With a new guaranteed two-year contract with a partially guaranteed third year worth around $5.3 million in hand and a long playoff run at the end of the Celtics bench fresh on his mind, Sam Hauser admits that the last year has been a blur.
But as the star performer on the Celtics’ 2022 NBA Summer League roster, the 6-foot-7 wing with the pure shooting touch now has a chance to put his ability center stage.
“I remember it was really, really fast,” Hauser said of his first summer league experience after practice on Thursday. “Draft night, I was not drafted. Agreed to a two-way deal that night. He flew to Boston as two days later began summer league training. It was kind of a whirlwind. It was really gone in the blink of an eye. But summer league was fun. I liked that. We had a good team last year and I think this year I’ll be more comfortable knowing what to expect and obviously having four good days of training, overall I’ll just be more comfortable.
Hauser received a different kind of education during the Celtics’ run to the NBA Finals from his vantage point on the bench.
“Getting to the finals and seeing the highest level of basketball is pretty cool, and getting a close look at some really good players,” he said. “So I was just trying to be a sponge and learn and remember what it took to get there and apply that to what I’m doing now.
“It just goes to show that playoff basketball is different from the regular season. The attention to detail is enormous. Game planning and strategies are huge. With each match, there are adjustments. You really need to be locked in for the full 48 minutes.
And now this team has signed him for two years. It’s a leap of faith Hauser doesn’t take lightly.
“I think it shows that they appreciate me, what I do and what I can bring to the table. I definitely don’t take that with a grain of salt,” he said. “Being in one of the best teams in the league is pretty special and to be able to stay here is awesome with one of the most historic franchises in the NBA. We have a lot to improve on to get back to where we want to be and get through next year.
“I think that’s the beauty of the Summer League, you can show more than you could in the regular season,” Hauser said. “I think you can show yourself fully and I hope to do that and show what I can bring to the table other than my shooting abilities. Obviously using that to my advantage and not passing up opportunities to (score Really just playing with my instincts and making the right plays and the right reads and helping my teammates improve and hopefully get some wins while we’re there too.
A rough introduction
Ben Sullivan, the Celtics assistant who coaches this year’s summer league team, first met Ime Udoka while playing summer basketball in Portland, Oregon, where the two have grown. One of their first meetings ended in a fight.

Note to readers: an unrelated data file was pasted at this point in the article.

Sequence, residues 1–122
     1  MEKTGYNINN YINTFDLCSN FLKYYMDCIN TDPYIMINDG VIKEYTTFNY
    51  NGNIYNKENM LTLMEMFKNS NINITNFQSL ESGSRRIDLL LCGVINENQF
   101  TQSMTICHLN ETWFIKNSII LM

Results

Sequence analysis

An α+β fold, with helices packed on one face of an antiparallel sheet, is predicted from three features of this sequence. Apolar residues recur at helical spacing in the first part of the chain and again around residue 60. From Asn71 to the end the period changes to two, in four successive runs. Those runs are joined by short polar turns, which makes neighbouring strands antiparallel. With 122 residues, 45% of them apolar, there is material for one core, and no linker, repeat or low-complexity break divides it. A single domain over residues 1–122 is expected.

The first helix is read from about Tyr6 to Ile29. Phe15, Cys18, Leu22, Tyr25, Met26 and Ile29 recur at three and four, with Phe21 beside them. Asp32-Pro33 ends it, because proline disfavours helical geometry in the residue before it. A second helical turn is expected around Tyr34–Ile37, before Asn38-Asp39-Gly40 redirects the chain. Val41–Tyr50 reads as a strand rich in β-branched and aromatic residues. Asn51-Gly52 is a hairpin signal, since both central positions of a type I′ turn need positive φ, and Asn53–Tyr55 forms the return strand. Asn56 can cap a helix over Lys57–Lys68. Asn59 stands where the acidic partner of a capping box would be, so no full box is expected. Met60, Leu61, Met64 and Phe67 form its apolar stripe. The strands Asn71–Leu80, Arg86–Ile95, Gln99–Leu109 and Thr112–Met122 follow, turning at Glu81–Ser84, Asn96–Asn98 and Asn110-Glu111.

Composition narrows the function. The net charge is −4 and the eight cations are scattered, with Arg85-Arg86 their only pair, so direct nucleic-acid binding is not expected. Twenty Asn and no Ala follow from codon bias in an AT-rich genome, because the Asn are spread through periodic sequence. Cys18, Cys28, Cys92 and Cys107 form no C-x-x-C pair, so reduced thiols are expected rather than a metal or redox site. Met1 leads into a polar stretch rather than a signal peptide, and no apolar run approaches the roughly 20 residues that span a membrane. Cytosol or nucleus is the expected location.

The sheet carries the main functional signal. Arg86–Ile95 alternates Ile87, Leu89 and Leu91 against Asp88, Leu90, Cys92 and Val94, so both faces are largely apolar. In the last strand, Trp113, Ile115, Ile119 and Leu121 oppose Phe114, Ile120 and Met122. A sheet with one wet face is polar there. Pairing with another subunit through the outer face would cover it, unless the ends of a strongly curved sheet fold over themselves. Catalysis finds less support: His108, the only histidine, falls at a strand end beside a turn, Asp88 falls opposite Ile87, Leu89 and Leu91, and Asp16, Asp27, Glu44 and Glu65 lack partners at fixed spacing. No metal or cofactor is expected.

“It was a short fight, and I’ll let you guess who won,” said Sullivan, who actually traces his roots to the Boston area, where he spent the first five years of his life on Cape Cod.
“My dad’s side of the family is from here,” he said. in Oregon, from five or six o’clock. »
Sullivan played collegiately at the University of Portland and got his first taste of coaching as a sixth-year coach in his hometown of Lake Oswego.
“Some people think, oh I want to be a coach when I’m done, and they can see that path and understand it. But it wasn’t as clear to me,” he said. didn’t necessarily see that. When I finished playing, my girlfriend at the time who is now my wife – I had a regular job – and she suggested to me why don’t you try coaching? I said OK I tried, I talked to my high school coach in Lake Oswego and he offered me to coach the sixth grade boys I still remember five minutes after the first practice, that’s what I want to do. I loved it right away. And from that point on – when I was at that elementary school in Lake Oswego, I never imagined it would lead to what he was leading, just one foot in front of the other.
A young great prospect
Trevion Williams, an undrafted big man from Purdue, caught the eye early on as a skilled center with promising passing ability.
“With a lot of these guys coming straight out of college and the NBA, the list is pretty long in terms of what you need to start working on. But he has a lot of tools, a lot of attributes that are really impressive,” Sullivan said. “And he’s really committed to trying to do everything we want him to do. He’s bought defensively, he’s bought offensively, and he just needs to keep working on the different aspects of the game in terms of when he plays the fours or when he plays the fives or when he keeps the little players, like there’s just a few things like that as he grows as a player that he’s gonna figure out, like, with his size and his abilities, what he can do.